Non-GMO vs organic labels: purity or process guarantees in a GMO contaminated landscape
Since 2010, demand for non-GMO food products has grown dramatically. Two non-GMO labels dominate the market: USDA Organic and the Non-GMO Project Verified (the Project). However, the non-GMO status of Organic is not obvious from the label and many consumers are unaware of this. As sales of products carrying the Project’s non-GMO label have exploded, concern has increased among some Organic proponents that demand for non-GMO threatens the organic market. In response, both sides are seeking to build legitimacy and authority for their label by emphasizing the value of their standards for determining a food product’s non-GMO status within a GMO contaminated agrifood system. Drawing on in-depth interviews with key informants with knowledge of non-GMO standards and labels, we examine the knowledge systems, discourses and actors that proponents of the Project and USDA Organic privilege in their effort to legitimize their standards. Here, the Project emphasizes its application of technoscientific norms, especially thresholds and testing, which they argue provide the best means for preventing GMO contamination and helping consumers find (relative) non-GMO ‘purity’. In contrast, proponents of Organic favor a process standard that excludes GMOs, arguing that non-GMO ‘purity’ is unrealistic in today’s agrifood system that is widely contaminated by GMOs and where mandatory testing would unnecessarily harm organic producers. We conclude that tensions between the two groups are unlikely to be easily reconciled since these two distinct marketing labels rely on different knowledge and verification claims to vie for consumers and increase market share.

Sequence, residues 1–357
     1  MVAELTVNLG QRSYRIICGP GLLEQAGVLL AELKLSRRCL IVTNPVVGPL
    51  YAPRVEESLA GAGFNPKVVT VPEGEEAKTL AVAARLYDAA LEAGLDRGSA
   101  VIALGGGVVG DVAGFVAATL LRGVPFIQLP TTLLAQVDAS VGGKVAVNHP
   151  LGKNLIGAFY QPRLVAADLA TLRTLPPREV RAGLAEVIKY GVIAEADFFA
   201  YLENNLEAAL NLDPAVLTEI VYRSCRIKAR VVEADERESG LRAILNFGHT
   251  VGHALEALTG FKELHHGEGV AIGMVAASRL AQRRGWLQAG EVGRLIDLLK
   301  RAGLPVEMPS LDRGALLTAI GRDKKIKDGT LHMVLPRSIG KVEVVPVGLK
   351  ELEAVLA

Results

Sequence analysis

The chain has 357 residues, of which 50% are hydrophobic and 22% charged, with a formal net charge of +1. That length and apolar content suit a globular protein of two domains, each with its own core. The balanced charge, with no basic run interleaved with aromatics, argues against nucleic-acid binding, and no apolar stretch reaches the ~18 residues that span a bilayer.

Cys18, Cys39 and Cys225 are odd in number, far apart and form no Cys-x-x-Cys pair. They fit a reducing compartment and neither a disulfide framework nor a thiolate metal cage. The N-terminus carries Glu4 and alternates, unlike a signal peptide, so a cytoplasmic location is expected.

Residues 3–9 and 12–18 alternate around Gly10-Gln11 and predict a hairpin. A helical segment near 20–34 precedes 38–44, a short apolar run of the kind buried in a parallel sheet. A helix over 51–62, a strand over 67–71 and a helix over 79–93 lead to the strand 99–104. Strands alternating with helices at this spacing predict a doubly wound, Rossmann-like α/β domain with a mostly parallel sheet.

KeywordsGMO Organic Standards Labels Transparency Environmental governance Agrifood system
Genetically modified organism
National Organic Program Proposed Rule
National Organic Standards Board
Organic Food Production Act
Organic Trade Association
United States Department of Agriculture
This research was supported by the USDA-National Institute of Food and Agriculture (NIFA) under Grant No. 2013-68004-20374. Any opinions, findings, and conclusions expressed in this article are those of the authors and do not necessarily reflect the views of the USDA. The authors would like to thank Hannah Fisher for her research assistance. We would also like to thank the anonymous reviewers for their valuable comments on an earlier version of this article. Finally, we wish to express our appreciation to all those who kindly agreed to participate in this research project.
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